If you've broken a bone, you know how distressing it can be. No doubt you want to return to your normal activities as quickly as possible. Are there any holistic ways to help a broken bone along?
While time remains the best healer for fractures, adopting certain healthy habits can speed up the recovery process. The following six tips may help you get back in the game as soon as possible.
1. Up Your Supplements
Your body needs nutrients to heal. And when you have a fracture, you need a heftier dose of certain vitamins and minerals to accelerate your recovery. While you do well to talk to your doctor before beginning any supplement regimen, here are some to consider.
- Calcium. Your bones consist of a lot of calcium and deficiencies in this mineral can slow healing. It can also leave you prone to future breaks. Strive to eat at least 1,000-1,200 milligrams of calcium daily. If you follow a vegan lifestyle, you can find calcium in amaranth, broccoli, and deep, leafy greens as well as in almonds. Almond milk makes a good substitute for regular milk if you avoid dairy.
- Vitamin D. Your body cannot absorb calcium without vitamin D. Fortunately, your body can make adequate amounts of this nutrient with regular exposure to sunlight. Strive to get outdoors daily for at least 15 minutes without sunscreen to improve vitamin D production.
- Vitamin A. People with deficiencies in vitamin A are more likely to suffer osteoporosis and fractures. Foods high in vitamin A include carrots, kale, and sweet potatoes.
- Iron. Lack of sufficient iron intake causes anemia, which leads to thinning hair and nails and fatigue. When you're low in iron, the blood lacks sufficient oxygen to carry to body tissues, including your bones. If you follow a vegetarian or vegan diet, talk to your doctor about taking an iron supplement.
Keep in mind some supplements, such as calcium, can hinder the absorption of certain medications. For example, if you suffer hypothyroidism, taking calcium at the same time as your pill can prevent the medication from absorbing.
2. Adopt A Healthier Diet
Switching to a healthy, primarily plant-based diet can accelerate bone healing. The right diet prevents nutritional deficiencies and hormonal disruptions that can hinder recovery.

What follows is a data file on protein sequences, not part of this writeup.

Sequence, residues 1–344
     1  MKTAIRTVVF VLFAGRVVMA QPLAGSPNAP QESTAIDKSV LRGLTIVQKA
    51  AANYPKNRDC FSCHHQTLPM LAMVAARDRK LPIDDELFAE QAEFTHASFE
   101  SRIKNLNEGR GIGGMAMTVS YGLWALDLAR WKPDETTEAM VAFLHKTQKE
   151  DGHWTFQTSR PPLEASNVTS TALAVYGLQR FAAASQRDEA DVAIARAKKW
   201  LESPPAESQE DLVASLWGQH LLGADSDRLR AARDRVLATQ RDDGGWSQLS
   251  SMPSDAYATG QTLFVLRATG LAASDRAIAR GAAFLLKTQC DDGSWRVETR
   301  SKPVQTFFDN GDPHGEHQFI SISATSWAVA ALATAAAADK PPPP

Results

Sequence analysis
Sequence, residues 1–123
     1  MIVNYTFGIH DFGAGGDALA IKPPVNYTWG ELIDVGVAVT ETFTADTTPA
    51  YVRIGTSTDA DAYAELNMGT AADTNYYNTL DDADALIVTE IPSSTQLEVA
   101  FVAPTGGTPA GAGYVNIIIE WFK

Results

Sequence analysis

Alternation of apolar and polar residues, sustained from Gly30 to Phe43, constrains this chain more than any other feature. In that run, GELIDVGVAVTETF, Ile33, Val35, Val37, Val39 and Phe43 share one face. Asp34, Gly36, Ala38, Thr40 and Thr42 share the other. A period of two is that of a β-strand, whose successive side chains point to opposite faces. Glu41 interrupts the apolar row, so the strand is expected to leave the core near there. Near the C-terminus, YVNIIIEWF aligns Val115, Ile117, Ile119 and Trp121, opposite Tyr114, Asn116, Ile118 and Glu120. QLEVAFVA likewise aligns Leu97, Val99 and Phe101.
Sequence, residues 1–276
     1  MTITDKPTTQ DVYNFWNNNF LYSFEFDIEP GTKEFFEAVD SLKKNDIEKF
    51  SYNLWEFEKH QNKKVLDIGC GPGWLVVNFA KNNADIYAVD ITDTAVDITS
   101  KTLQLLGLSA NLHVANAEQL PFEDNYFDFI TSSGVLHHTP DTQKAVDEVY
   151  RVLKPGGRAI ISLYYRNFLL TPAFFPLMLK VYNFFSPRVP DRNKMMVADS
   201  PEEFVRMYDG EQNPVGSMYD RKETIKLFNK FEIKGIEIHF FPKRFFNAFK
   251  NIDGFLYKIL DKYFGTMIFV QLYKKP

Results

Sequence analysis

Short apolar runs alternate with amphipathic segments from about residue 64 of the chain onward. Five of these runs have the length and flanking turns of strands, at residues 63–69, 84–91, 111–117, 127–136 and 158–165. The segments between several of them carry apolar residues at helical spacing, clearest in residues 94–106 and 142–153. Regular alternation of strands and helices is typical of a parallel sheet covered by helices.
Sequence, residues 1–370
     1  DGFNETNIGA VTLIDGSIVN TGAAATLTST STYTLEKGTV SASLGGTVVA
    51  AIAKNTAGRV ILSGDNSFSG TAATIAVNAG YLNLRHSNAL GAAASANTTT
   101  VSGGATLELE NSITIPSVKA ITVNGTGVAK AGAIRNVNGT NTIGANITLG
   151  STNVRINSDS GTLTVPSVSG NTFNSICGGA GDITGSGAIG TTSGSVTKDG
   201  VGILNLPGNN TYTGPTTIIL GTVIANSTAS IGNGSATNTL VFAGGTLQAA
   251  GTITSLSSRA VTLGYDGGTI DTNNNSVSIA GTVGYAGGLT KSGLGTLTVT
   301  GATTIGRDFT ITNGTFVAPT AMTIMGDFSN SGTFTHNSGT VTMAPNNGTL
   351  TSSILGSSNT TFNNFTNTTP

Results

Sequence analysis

At each meal, strive to fill half your plate with fruits and vegetables. Aim to consume a variety of colors—different plant colors represent unique phytonutrient profiles. Take a pass on processed foods, as these lose their nutritional value during the manufacturing process. If you choose to eat red meat, aim to do so no more than once or twice weekly—consuming as little as 18 ounces of red meat weekly increases your risk of colorectal cancer.
3. Talk To Your Doctor About Medications
Certain medications can impede bone healing. For example, those who take long-term doses of certain cortisone-like medications such as prednisone can suffer weakened bones. So can those on high doses of certain thyroid medications and antidepressants.
Check with your doctor to see if any of your current medications can hinder your healing. If so, ask if alternative therapies exist, at least over the short term, while you recover.
4. Explore Complementary Therapies
Some practitioners swear by therapies such as acupuncture to speed bone healing. Similarly, certain herbs show promise in promoting proper hormonal balanceto speed recovery. Higher testosterone levels, for example, spur faster bone healing.
Devices such as TENS units send electrical stimulus to muscle fibers to aid in relaxation. Western scientists believe acupuncture works by activating certain nerve fibers as the practitioner manipulates the needles. As inflammation leads to increased pain, any techniques that can reduce this naturally will prove palliative even if their efficacy remains unsubstantiated to date.
5. Cut Back On Toxic Habits
Alcohol also inhibits calcium absorption by interfering with pancreatic function. Alcohol impairs liver function as well. The liver activates vitamin D, without which the body cannot absorb this vital mineral.
6. Keep It Immobile
Finally, the best way to heal a broken bone quickly is keeping it immobile. If you have a cast, this proves easier, but follow your doctors' instructions when it comes to using aids such as crutches. Smaller breaks, such as broken fingers or toes, often don't require a cast. You can buddy-tape your injured digit to a neighboring one to keep it still as it heals.
Broken bones interfere with daily activities and leave you on the sidelines. While you can't prevent all injuries, by following a few simple tips, you may be able to speed up your return to play.